If we were having a Was That Wrong? tournament, each of these stories would be a contender for a regional top seed and the championship itself.

Sadly, if I had put some effort into this, I probably could’ve created a bracket that made it to sixty-four.

And since this is a quiz introduction, I prefer the phonetic version of the previous sentence:

“Sadly, if I had put some effort into this, I probably could’ve created a bracket that made it 2 64.”

As always, let’s be careful out there.

Onto the quiz!

Rules

  • None.  Open book, open search engine, text-a-friend.
  • Exception:  Question 5.  We try to play that one honest.
  • Unless stated otherwise, the Vermont Rules of Professional Conduct apply
  • Team entries welcome, creative team names even more welcome.
  • E-mail answers to michael.kennedy@vermont.gov
  • I’ll post the answers & Honor Roll on Monday
  • Please consider sharing the quiz with friends & colleagues
  • Share on social media.  Hashtag it – #fiveforfriday

Question 1

Next week is National Celebrate Pro Bono Week.  The Rules of Professional Conduct include a series of rules that address pro bono work.  One of those rules makes clear that other rules are somewhat relaxed for lawyers who, with no expectation of continued representation, offer short-term legal services at programs sponsored by a court or non-profit.

What’s the topic of the rules that are somewhat relaxed?

PS: for information on how to participate in pro & low bono programs, go here or email Mary Ashcroft, the VBA’s wonderful Legal Access Coordinator.  Mary has announced her retirement.  Mary – thank you for you all that you’ve done for Vermonters and to increase access to both justice and legal services!

Question 2

Here’s language from the comment to a rule.  Fill in the blank. Hint: it’s 4 words, one of which is one of the 7Cs of Legal Ethics.

“In such situations, the advocate’s proper course is to remonstrate with the client confidentially, advise the client of the lawyer’s duty of ____________ and seek the client’s cooperation with respect to the withdrawal or correction of the false statements or evidence.”

Question 3

By rule, what is required to be “communicated to the client, preferably in writing, before or within a reasonable time after commencing the representation?”

  • A.   Whether the lawyer has malpractice insurance and, if so, the policy limits.
  • B.   Whether the lawyer has designated a successor to review and triage files if the lawyer becomes incapacitated during the representation.
  • C.   The basis or rate of the lawyer’s fee, and expenses for which the client will be responsible, except when the lawyer will charge a regularly represented client on the same basis or rate.
  • D.  All the above.

Question 4

A dispute involving New York’s version of a rule made national headlines this week, even bringing legal ethics to the sports pages.  Here’s a comment to Vermont’s version of the rule.  The SAME word correctly fills in each blank.  What word?

“In the case of a represented__________, this rule prohibits communications with a constituent of the _________  who supervises, directs or regularly consults with the __________’s lawyer concerning the matter or has authority to obligate the __________ with respect to the matter or whose act or omission in connection with the matter may be imputed to the ________ for purposes of civil or criminal liability.”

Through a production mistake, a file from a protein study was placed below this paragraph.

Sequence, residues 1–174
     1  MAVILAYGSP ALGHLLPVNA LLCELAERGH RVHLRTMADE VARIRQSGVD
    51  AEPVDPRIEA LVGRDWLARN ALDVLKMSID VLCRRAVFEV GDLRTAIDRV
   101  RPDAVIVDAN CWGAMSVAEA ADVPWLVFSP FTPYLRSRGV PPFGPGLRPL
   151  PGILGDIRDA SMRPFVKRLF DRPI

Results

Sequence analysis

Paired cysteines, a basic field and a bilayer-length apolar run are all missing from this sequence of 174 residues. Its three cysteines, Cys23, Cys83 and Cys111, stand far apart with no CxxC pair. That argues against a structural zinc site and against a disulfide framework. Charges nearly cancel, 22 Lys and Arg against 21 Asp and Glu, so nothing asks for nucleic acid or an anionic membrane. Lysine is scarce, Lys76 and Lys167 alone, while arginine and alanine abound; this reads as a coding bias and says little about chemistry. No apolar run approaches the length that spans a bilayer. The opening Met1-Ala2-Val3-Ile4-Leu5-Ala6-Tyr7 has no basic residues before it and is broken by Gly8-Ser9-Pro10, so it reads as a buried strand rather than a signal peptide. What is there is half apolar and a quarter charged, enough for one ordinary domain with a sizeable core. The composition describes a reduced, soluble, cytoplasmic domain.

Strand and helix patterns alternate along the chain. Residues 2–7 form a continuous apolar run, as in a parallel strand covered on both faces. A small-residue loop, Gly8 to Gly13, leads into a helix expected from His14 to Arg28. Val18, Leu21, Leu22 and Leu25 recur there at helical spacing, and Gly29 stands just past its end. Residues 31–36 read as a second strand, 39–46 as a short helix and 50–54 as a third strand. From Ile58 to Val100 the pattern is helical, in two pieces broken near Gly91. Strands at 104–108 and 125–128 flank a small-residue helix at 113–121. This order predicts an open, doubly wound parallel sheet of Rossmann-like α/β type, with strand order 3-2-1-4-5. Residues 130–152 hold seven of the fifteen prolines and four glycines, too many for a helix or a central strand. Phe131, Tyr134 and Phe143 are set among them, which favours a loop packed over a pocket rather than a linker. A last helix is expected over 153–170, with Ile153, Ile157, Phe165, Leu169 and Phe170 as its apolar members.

Question 5

In 2015, the Wisconsin Supreme Court suspended a lawyer for 60 days for misconduct that occurred while the lawyer was representing a client who hired the lawyer to assist in recovering money spent on John Lennon memorabilia that turned out to be fake.

Four years earlier, in an article about a different client, the Milwaukee Journal Sentinel quoted the lawyer as referring to a deceased former client as “an aberration of a human being that comes around about once every 50 years and does a hell of a lot of damage.” According to the paper, the lawyer added that the deceased former client was “the wimpiest guy I ever met.”

In 1992, and before the client died in prison, a jury rejected the lawyer’s evidence and argument that the client was insane at the time of the client’s depraved and horrific crime spree that spanned more than a decade.

The deceased client is the subject of two relatively new Netflix productions. One, a documentary, is the 4th most watched show on Netflix this month. The other, a dramatized version of the client’s crimes and trial, is the 2nd most watched. Variety reported that in the week that followed the dramatized version’s September release, the show “was the 10th most-streamed program ever recorded in a single week in Nielsen history.”

Honestly, watching the dramatized version, the opening scene so disturbed/scared me, that I had trouble making it through.

Name the deceased former client.

The no-contact rule, represented organizations, and . . . basketball?

The extent to which the no-contact rule applies to a represented organization comes up often in inquires and at CLEs.[1] As you might guess, it rarely comes up when I’m thinking about basketball. 

Until now.

Larry Hutcher is a lawyer at Davidoff Hutcher & Citron, a firm that has an office in Manhattan. Hutcher is lead counsel for 24 ticket resellers who, last month, sued Madison Square Garden Entertainment Corporation (MSG). Once the suit was filed, MSG sent the firm a letter banning its lawyers from attending events at properties owned by MSG. Those properties include Madison Square Garden.

Since 1976, Hutcher has had New York Knicks season tickets. The Knicks play their home games at, you guessed it, Madison Square Garden. In addition to banning Hutcher and his co-workers from MSG properties, MSG allegedly revoked his season tickets.